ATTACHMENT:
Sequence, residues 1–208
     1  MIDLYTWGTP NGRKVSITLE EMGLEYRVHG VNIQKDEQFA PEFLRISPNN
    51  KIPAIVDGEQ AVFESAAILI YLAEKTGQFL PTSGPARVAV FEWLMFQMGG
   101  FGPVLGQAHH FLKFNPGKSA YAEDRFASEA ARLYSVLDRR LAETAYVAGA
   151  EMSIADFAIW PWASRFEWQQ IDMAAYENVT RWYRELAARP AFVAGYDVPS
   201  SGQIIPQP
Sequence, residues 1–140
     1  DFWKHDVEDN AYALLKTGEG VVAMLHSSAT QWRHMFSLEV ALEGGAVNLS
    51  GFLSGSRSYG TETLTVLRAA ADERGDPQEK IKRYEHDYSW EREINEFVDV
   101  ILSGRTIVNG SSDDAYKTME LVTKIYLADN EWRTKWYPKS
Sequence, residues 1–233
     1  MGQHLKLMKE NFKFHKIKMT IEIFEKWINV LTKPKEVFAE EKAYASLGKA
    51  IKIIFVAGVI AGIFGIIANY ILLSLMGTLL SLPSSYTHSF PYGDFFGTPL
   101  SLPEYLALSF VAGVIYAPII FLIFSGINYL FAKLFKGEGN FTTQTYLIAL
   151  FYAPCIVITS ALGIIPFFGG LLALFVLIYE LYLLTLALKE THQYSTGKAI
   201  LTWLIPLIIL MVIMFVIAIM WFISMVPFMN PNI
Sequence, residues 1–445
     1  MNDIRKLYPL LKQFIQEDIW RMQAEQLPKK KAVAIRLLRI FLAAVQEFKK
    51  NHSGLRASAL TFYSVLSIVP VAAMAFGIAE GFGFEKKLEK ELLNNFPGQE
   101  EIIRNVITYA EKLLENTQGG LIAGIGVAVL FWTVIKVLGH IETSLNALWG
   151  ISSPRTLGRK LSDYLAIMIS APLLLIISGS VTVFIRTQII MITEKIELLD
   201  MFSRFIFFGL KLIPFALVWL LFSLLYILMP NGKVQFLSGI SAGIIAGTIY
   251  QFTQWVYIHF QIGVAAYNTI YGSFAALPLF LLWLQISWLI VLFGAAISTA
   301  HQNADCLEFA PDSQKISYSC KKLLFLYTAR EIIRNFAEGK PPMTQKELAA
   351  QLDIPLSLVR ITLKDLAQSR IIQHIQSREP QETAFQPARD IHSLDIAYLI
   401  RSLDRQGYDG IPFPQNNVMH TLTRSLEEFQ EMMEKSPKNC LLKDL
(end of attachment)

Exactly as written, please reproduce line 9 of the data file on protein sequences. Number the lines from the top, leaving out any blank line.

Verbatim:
    51  GFLSGSRSYG TETLTVLRAA ADERGDPQEK IKRYEHDYSW EREINEFVDV